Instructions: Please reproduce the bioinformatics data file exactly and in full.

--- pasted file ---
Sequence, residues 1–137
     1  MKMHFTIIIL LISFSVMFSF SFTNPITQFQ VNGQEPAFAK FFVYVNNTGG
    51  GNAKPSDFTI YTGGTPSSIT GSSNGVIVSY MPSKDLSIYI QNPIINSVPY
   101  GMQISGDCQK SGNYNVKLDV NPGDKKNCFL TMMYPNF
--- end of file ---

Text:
Sequence, residues 1–137
     1  MKMHFTIIIL LISFSVMFSF SFTNPITQFQ VNGQEPAFAK FFVYVNNTGG
    51  GNAKPSDFTI YTGGTPSSIT GSSNGVIVSY MPSKDLSIYI QNPIINSVPY
   101  GMQISGDCQK SGNYNVKLDV NPGDKKNCFL TMMYPNF